Twitter disables SMS service in most countries: Details here
Finally, the days of using Twitter over SMS are gone. The microblogging giant has announced that it is disabling its text message service - the way its platform was built to be used in the first place - for everyone except those in select few countries. The decision has been taken due to vulnerabilities associated with the SMS format. Here's more about it.
No more Twitter via SMS
In a recent post on its own platform, Twitter confirmed the decision to pull the plug on its SMS service - to keep user accounts safe. "We have seen vulnerabilities with SMS, so we have turned off Twitter via SMS service," the company said in the message while noting that users will continue to get important account-related messages, like 2FA codes as text messages.
What will change with this decision?
If you use Twitter via its website or mobile app, the move will not affect your microblogging experience in any way. But, in case you still receive tweets from other users via text, the change will end that service, forcing you to switch to Twitter's app or website, where a vast majority of its users currently operate.
Twitter had already disabled tweeting via SMS
The move to disable the ability to receive tweets via SMS comes months after Twitter halted tweeting via SMS due to multiple security issues and the hacking of the account of Jack Dorsey, its CEO. In September, hackers gained access to the phone number of Dorsey and used it to send hateful tweets and slurs to his followers by using the now-defunct SMS-tweeting service.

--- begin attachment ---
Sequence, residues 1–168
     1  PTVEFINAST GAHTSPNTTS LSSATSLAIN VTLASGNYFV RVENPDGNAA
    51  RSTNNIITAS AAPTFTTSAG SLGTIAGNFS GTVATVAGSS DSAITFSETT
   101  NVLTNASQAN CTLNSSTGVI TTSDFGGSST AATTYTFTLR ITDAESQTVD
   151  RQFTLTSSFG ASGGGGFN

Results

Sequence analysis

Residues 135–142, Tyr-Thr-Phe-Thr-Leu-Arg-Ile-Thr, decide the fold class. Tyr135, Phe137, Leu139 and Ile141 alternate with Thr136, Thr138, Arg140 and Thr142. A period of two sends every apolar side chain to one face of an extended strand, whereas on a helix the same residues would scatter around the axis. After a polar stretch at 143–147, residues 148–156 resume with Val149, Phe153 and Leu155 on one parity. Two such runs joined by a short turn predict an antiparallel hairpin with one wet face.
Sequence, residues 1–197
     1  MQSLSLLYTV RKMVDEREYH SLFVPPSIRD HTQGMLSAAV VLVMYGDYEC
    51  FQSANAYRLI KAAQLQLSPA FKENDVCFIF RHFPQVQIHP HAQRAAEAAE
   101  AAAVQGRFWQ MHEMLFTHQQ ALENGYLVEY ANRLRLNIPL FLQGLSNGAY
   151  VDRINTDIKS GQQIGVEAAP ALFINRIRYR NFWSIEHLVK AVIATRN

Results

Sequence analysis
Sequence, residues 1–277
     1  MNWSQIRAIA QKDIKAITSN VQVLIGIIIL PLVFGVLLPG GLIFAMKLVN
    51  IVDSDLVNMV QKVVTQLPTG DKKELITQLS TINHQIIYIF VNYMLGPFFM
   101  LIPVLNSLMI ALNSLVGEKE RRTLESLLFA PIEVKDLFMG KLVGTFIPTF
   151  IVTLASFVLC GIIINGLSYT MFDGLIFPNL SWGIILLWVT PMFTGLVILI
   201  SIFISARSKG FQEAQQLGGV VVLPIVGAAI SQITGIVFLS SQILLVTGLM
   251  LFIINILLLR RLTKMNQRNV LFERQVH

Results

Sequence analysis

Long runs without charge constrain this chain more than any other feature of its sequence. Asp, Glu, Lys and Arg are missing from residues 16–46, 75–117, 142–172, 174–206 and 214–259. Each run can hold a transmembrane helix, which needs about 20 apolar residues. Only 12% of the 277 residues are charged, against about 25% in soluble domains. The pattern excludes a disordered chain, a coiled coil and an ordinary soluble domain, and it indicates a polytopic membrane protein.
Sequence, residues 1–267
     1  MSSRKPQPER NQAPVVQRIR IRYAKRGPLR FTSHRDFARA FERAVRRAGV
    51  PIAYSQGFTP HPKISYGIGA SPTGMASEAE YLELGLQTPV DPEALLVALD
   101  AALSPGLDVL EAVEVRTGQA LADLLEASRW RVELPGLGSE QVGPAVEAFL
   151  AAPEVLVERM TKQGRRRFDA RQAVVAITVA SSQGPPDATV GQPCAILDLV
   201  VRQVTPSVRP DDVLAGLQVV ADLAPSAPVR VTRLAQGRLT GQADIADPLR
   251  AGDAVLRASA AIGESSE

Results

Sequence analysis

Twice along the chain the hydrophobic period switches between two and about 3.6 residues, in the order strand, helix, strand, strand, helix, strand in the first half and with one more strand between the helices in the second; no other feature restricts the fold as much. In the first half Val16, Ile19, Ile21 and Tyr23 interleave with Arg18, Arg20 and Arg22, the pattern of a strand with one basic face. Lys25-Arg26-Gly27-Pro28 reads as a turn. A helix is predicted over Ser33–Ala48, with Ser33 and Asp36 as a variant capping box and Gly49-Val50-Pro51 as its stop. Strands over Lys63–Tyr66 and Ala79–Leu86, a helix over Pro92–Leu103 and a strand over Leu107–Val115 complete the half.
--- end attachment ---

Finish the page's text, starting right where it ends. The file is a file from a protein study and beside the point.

Originally, Twitter was used via SMS only
The changes mark the end of an era for Twitter, which was built to be used around SMS in the first place. Basically, in the early days of its origin, the platform's 140-character tweets were solely sent and received by users using text messages. Later, the service evolved and the more sophisticated mobile app and website came to the scene.
Radical move from Twitter
Twitter has not said anything about the vulnerability associated with receiving tweets via SMS or the select few countries that will continue to have the feature. However, given that the company hopes to increase its revenue, the move to phase out the text service and shift users to the mobile app/website - where they could see ads - makes a lot of sense.